boy appeared to be totally perplexed, as if he had absolutely no
earthly idea what was happening about him.
“To begin, I am still David R. Osborn and this is my
very first year as a teacher and, in fact, my very first class period
to teach. I began my teaching career four minutes ago! But, before any
of pariahs or piranhas get any ideas about ingenious ways of disrupting
what will be the most interesting class you take this year, be aware
that it was just a few years ago, that I sat in THAT chair,” (here, he
pointed dramatically to the Perfect Buttface, as he opened his eyes
manically), and committed all sorts of heinous acts. You can do nothing
that I haven’t already done, so don’t EVEN try.”
His eyes darted back and forth comically, causing
some to chuckle and others to roll theirs.
“Now, as for my worst moment of abject humiliation,
I graduated from Sheffield State University last spring Magna Cum
Laude, which, for those of you who do not as yet speak Latin, means
‘With High Honors. However, as I was proudly marching across stage to
receive my diploma from the Chancellor, with my parents proudly seated
not a hundred feet away, as I reached forward to grasp the sheepskin,
so to speak… I very sonorously… broke wind.”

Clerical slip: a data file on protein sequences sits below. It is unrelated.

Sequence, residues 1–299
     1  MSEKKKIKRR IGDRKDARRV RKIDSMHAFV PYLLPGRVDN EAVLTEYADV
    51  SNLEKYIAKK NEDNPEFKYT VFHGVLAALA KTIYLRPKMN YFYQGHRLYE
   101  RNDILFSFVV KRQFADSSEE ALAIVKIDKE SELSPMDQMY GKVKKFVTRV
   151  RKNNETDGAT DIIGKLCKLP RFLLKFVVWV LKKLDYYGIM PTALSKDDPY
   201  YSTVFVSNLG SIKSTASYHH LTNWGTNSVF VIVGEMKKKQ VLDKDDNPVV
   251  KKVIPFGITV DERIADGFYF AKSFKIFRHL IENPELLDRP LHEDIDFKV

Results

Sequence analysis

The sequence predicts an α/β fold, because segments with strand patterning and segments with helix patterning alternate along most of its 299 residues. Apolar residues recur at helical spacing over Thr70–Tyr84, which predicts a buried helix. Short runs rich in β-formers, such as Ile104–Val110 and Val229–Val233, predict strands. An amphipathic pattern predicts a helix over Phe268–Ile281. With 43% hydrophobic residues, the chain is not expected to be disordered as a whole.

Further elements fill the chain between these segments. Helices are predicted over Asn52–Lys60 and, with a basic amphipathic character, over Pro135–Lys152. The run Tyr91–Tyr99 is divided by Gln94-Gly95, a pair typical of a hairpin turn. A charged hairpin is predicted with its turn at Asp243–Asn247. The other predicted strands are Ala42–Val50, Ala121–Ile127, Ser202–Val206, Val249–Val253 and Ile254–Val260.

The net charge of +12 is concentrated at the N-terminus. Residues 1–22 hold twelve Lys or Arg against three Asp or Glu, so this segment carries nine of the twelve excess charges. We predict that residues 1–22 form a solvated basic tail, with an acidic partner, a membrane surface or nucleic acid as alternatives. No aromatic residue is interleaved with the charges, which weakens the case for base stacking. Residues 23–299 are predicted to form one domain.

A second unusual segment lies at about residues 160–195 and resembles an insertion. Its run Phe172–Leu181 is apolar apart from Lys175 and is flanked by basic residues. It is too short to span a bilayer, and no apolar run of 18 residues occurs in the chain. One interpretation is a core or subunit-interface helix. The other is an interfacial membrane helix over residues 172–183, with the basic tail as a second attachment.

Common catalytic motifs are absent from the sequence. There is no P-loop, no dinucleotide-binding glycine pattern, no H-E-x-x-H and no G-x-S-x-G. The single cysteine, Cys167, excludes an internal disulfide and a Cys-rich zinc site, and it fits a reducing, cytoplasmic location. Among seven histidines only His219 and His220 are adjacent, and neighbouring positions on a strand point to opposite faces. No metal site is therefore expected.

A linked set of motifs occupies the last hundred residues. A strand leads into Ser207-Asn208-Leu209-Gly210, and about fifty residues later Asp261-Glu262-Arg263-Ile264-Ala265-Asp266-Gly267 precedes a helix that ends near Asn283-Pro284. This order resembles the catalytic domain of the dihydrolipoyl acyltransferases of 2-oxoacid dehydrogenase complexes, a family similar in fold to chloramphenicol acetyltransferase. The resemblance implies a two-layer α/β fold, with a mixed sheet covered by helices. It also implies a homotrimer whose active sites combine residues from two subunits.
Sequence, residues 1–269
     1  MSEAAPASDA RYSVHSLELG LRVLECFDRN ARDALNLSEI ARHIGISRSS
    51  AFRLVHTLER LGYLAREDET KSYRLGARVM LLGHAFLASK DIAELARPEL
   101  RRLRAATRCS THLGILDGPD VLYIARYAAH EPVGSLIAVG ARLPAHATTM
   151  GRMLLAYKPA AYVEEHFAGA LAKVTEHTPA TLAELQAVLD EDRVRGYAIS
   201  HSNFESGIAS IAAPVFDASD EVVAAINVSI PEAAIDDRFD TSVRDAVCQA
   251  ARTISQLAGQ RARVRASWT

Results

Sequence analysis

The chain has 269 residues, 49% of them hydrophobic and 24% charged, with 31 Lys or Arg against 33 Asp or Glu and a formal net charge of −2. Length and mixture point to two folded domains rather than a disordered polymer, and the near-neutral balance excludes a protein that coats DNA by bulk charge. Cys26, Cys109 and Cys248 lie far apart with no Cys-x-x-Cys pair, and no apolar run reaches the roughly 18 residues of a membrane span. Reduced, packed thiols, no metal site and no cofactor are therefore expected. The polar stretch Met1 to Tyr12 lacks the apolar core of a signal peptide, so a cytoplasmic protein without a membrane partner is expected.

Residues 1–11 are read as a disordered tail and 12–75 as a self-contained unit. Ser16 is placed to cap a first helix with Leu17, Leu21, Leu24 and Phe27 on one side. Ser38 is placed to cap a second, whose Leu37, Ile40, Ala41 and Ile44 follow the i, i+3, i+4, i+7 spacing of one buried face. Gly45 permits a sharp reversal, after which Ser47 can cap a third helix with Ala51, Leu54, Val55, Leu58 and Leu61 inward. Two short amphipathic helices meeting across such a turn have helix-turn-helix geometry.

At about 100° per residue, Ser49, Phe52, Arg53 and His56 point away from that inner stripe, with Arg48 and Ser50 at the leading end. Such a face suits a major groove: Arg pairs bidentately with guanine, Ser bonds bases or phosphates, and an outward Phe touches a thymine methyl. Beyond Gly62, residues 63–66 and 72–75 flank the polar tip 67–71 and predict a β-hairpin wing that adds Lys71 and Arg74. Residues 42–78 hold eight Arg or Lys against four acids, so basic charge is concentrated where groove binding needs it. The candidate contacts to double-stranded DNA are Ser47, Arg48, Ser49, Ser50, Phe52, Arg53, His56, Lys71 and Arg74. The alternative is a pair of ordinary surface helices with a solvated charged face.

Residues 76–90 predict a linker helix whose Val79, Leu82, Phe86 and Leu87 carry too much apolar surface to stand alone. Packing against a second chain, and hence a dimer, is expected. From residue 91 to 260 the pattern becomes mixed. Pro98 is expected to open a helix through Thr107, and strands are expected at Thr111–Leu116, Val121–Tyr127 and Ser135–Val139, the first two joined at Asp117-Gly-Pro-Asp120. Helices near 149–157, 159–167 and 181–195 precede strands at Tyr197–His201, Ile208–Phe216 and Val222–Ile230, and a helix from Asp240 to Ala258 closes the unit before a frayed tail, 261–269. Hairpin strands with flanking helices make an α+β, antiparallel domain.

The classroom was deathly silent, until Dimboy once
again grunted, “Huh?”
Mr. Osborn’s eyes grew wide again as he focused in
on Dimboy and explained, “I farted.”
The class erupted in hilarity, except for Buttface
and the nervous boy up front, who looked about the room in abject
confusion. Robby could barely contain himself.
As the laughter gradually died, Mr. Osborn smiled
and sat back against the edge of his desk. Robby smiled as he watched
the teacher, probably the coolest teacher he had ever had, brush his
longish hair from his forehead. When silence returned, Mr. Osborn stood
silently for a moment until he suddenly whipped his arm out and
dramatically pointed to the nervous kid in the front corner desk, who
looked as if he were about to wet his pants.
“You sir! Stand! Your name! And, your humiliation!”
The boy couldn’t have looked more terrified if the
finger pointing at him were a gun. Trembling, he stood, almost at
attention. Robby thought for a moment that he was going to klick his
heels. The boy took a breath, paused, and, then said, rather loudly,
“Moya imya Yevgeny Alexeivich Koronov, tovar… um, uh, Teacher Osborn!”
Mr. Osborn looked surprised for a moment, the same
moment it took before the class erupted in laughter. The boy looked